Anyway, it had a not-unpleasant mineral flavor like a lot of organ meats do. But the texture had a sort of snap to it, like a Pink’s Hot Dog that wasn’t completely fantastic. And now that I think about it, I suspect I know the secret to Pink’s success…

Basically I’m glad I made it, but I’m not too anxious to make it again. Hit or miss? I call it a hit, but only because I like the ‘de armagnac’ part and will probably make another dish using the same method, preferably with more flammable results. Because really, anything that’s fun is more fun when it’s flaming!

Flame on, Chef;


P.S. I’m really sorry I failed, Chef. Of course, I don’t think you’ve actually read this, and maybe only a half-dozen people know or care…so it’s not that big a deal. But still, I’d hoped to capture a readership, do something noteworthy, and learn to cook. I did manage that last one, at least!

Anthony Bourdain’s Pommes en croutes de sel

October 18, 2011 3 comments

Pommes en croutes de sel

Dear Chef Bourdain;

So, my self-imposed deadline of Nov. 1st to cook everything in your book is basically fucked. Short of a last minute cash (and interest by readers) infusion, I’m not going to make it. I’m in hand grenade range – close enough to be dangerous but not right on target. So I’m going to adapt, improvise, and overcome – I’m giving myself as much time as I goddamn need. What am I, getting paid for this or something? (Don’t let that stop literary or screen agents from contacting me, I would love to be paid for this or something!)

So here’s the latest – I made dinner for some friends. I whipped up some chicken Basquaise, which was as good as last time, colorful, easy and delicious. I barely looked at the recipe, it’s such a good one and so easily modified to taste. Along side, I served pommes en croute de sel, or potatoes in a salt crust, for you non-Francophones. (A Francophone is a speaker of French. For you idiots.)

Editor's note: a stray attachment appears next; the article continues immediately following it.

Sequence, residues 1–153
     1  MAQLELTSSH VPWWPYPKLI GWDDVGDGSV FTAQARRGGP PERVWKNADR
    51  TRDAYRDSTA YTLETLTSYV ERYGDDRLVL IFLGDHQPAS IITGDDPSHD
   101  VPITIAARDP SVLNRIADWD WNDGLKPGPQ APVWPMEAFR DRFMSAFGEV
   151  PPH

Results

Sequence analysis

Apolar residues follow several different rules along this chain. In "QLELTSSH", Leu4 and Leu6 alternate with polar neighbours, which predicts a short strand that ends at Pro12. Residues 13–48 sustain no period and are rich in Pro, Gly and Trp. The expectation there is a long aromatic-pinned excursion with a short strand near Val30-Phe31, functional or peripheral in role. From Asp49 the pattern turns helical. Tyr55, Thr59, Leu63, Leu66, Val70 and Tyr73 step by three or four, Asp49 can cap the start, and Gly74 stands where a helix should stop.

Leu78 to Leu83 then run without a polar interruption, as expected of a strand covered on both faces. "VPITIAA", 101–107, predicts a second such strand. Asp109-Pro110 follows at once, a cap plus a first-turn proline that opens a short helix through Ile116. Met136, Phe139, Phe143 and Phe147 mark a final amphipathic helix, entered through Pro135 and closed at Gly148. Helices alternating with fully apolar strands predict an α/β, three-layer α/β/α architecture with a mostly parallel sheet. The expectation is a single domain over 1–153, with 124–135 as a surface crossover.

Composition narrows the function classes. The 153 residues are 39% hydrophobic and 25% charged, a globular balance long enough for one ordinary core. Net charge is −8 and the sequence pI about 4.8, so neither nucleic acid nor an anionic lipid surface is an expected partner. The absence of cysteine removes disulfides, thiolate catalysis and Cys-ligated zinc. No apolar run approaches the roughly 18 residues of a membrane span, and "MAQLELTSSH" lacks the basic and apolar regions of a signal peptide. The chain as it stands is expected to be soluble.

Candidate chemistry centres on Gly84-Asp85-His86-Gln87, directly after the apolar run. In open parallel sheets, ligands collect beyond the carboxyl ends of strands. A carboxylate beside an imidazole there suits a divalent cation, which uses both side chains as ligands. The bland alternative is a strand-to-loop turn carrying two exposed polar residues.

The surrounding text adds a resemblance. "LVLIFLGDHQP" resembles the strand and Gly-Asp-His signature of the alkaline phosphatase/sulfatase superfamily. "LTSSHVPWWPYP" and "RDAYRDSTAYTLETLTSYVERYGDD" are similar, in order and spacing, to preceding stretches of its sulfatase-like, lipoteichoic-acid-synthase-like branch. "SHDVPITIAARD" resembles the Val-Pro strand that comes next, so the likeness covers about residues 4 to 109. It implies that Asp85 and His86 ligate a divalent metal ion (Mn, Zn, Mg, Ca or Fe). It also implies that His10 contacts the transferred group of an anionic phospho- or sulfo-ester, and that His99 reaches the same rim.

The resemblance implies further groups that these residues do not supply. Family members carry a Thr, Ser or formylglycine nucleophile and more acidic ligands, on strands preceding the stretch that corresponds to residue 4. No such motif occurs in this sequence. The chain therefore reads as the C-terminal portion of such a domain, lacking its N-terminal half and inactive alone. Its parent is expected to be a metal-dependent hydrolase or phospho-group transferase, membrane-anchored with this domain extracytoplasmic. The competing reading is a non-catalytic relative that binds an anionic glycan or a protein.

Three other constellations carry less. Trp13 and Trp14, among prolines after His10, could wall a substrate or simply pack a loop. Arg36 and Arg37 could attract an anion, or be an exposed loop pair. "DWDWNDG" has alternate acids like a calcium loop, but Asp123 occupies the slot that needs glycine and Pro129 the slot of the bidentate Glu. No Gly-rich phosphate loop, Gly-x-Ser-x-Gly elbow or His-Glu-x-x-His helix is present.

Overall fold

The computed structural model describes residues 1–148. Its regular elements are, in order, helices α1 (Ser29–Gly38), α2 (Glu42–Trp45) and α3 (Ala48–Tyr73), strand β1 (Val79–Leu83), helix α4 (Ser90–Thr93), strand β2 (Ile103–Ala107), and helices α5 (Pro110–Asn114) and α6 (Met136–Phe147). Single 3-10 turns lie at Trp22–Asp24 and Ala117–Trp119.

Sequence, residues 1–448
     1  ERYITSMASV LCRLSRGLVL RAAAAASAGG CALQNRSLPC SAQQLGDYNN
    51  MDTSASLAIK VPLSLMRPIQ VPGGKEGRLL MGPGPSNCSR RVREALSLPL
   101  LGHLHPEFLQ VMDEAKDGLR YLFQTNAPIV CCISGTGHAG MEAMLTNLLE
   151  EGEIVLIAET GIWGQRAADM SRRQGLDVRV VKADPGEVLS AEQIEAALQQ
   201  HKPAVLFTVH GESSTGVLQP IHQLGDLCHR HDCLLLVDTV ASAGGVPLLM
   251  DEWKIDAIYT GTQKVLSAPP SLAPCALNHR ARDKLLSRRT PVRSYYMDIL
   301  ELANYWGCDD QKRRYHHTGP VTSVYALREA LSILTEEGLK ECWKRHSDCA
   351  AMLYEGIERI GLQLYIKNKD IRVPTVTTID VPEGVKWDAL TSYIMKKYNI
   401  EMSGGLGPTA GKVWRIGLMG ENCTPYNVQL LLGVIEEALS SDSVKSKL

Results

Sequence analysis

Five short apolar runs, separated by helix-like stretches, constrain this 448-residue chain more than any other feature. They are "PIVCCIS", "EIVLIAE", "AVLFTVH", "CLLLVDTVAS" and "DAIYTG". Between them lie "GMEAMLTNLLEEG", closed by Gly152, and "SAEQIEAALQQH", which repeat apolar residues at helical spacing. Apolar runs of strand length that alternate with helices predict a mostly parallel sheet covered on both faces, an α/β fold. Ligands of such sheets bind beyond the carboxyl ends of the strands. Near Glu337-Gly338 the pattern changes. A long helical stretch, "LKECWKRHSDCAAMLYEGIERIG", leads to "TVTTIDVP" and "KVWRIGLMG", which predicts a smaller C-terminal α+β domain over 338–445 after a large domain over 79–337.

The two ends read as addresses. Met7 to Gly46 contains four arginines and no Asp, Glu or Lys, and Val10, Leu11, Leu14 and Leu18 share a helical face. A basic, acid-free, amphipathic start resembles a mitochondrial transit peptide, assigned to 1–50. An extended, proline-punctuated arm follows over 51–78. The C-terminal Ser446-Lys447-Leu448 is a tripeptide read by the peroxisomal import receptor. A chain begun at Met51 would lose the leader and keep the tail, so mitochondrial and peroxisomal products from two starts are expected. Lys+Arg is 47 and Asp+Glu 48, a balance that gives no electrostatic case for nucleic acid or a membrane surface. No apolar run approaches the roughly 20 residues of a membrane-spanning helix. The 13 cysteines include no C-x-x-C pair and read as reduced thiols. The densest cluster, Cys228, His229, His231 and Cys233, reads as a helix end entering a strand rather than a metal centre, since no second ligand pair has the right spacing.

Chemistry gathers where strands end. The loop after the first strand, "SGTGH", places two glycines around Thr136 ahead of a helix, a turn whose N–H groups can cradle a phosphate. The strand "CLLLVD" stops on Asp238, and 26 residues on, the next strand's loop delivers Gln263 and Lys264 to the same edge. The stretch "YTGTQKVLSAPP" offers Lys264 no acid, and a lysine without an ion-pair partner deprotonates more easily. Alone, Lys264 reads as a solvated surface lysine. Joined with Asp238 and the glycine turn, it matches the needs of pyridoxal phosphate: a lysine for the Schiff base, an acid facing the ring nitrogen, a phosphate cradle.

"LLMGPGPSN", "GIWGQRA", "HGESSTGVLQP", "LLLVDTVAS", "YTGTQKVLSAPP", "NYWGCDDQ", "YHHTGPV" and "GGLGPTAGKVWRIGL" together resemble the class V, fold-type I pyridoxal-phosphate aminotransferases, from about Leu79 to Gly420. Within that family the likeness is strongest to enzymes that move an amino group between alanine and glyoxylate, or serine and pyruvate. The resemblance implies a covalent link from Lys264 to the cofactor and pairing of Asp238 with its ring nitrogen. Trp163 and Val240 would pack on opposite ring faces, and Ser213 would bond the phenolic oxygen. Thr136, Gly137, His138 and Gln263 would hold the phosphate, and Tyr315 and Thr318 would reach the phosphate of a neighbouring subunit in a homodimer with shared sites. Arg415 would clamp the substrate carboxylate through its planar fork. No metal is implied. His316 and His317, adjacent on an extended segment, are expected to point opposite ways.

If I’ve learned one thing, Tony, it’s not to fuck up my meez. I feel like I’ve mentioned that here once or twice. That, and more butter means more love. (Which means my lovely wife, who’s birthday it is today, get’s ALL THE BUTTER. Tell her that anonymous internet ninnies!) So this was interesting take on potatoes – no butter.

One meez, sans fucked-upness.

So here we’ve got a dish full of potatoes, four egg whites whipped to stiff peaks (much like a gay S&M club) and a pound of rock salt.

I mixed up the rock salt and the egg whites, and slathered it over the potatoes.

Pommes en croutes de bukkake

Then I baked them. The crust firmed up and kept the potatoes moisture in while they baked. The nice thing was that once they were done, I just turned the oven off and left them in there to keep warm. This is a nice touch when you’re cooking multiple dishes.

When the chicken was ready, I pulled out the dish.

Pommes, still en croute.

Interesting that the whites turned yellow, even in the absence of butter or yolk. So I cracked open the crust, and brushed it away from the potatoes. One thing I discovered – or rather, Mary, one of my guests did – was that you have to be really careful brushing off that crust. ‘Cause rock salt is hard on the teeth,  yo. Next time I do it like this, I’ll be sure to be more diligent about rock-salt removal.

Basically this was a low-stress, delicious way to do potatoes. They were moist and fluffy and cooked all the way through. They broke up nicely and soaked up the  sauce Basquaise. The added bonus that you can do-ahead and keep them warm and fresh in the crust is another point in their favor. Whipping egg whites isn’t my favorite thing in the world, but it didn’t take that long. And anyway I’ve been working out a lot lately, and am becoming thoroughly mighty – so much so that no egg white stands a chance against my mighty thews. Thews are important for a chef, right Tony?

Thanks for a definite hit, Chef. Easy utility dish, and delicious.


Categories: Cooking, Eating, Prep